2009-2010 Graduate Catalog 
    
    Sep 17, 2019  
2009-2010 Graduate Catalog [Archived]

Electronics and Computer Technology M.S.


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(32 semester hours)

In addition to the admission standards previously cited, applicants are expected to have completed an undergraduate major in computer technology or electronics (with courses related to computer interfacing, process control technology, machinelevel languages, instrumentation, electrical power, or electronics application and design) and possess an appropriate working knowledge of mathematics and science.

Prospective students who have completed undergraduate programs in areas unrelated to electronics or computer technology may request evaluation of their programs of preparation for identification of deficiencies, the removal of which would enable them to enroll in the core courses (i.e. satisfy course prerequisites that may exist).

Graduate study in electronics and computer technology is designed for persons preparing for career advancement or improvement in electronics control, technical sales, field representation, or electrical power.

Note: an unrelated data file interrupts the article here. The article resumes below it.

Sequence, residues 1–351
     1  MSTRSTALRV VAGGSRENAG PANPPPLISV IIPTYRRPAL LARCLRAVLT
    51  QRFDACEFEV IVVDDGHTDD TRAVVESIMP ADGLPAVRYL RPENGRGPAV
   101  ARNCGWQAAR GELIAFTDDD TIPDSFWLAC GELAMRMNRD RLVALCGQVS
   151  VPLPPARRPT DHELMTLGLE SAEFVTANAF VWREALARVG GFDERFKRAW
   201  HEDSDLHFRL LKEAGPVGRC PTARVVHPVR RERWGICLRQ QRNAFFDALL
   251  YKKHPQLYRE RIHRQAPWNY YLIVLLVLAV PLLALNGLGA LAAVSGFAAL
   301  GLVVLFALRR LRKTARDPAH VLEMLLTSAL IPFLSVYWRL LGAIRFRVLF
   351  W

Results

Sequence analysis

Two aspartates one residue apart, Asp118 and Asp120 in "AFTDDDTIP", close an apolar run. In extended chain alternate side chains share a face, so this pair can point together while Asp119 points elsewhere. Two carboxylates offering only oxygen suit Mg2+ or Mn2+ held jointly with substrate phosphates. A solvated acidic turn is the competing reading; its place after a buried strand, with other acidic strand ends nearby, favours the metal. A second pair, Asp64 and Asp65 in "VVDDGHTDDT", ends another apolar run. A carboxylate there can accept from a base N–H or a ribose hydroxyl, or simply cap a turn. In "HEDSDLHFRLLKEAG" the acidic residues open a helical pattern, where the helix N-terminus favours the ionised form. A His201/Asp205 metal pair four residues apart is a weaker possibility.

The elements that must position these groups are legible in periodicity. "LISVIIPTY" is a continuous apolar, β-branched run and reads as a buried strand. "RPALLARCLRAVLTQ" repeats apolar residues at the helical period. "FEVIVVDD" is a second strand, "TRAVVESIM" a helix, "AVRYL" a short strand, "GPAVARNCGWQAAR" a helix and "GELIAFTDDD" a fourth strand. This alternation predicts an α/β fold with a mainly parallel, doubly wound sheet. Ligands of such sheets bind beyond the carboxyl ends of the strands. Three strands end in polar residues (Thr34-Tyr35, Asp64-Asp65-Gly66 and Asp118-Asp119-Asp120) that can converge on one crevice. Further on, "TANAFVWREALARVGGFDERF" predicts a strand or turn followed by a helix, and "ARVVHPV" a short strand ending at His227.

With a 32 semester hour minimum, the curriculum is intended to provide a rigorous and individualized program that accommodates the previous experiences, education,  and interests of degree candidates. For earning a master’s degree, the curriculum sequence includes three program phases concerning the “content,” “application,” and “integration” of related knowledge, theory, and skill.

Content (23 credits):


During this preliminary program phase, students, through completion of 23 credit hours of study, are expected to acquire or improve competencies relating to advanced electronics, industrial control, and computer technology.

Research (3 credits):


Major Electives (2-5 credits):


  • As approved by advisor.

Electives outside the department (6-9 hours):


  • As approved by advisor.

Application (6 credits):


During this phase students incorporate six credits of content principles, procedures, and skills to effectively demonstrate: a familiarity with the tools of research; scholarship in their field; an ability to work independently; and their ability to present the results of an investigation.

Thesis (6 credits):


or


Major Project (6 hours):


or


Comprehensive Examination (0 credits) and electives within the department (6 credits):


As approved by the candidate’s examination committee.

Culminating experience:


The following course must be completed during the last semester of course work or after completing 24 credit hours of the approved program of study:

Note:


At least one-half of the credit hours must be in courses numbered at the 600 level or above.

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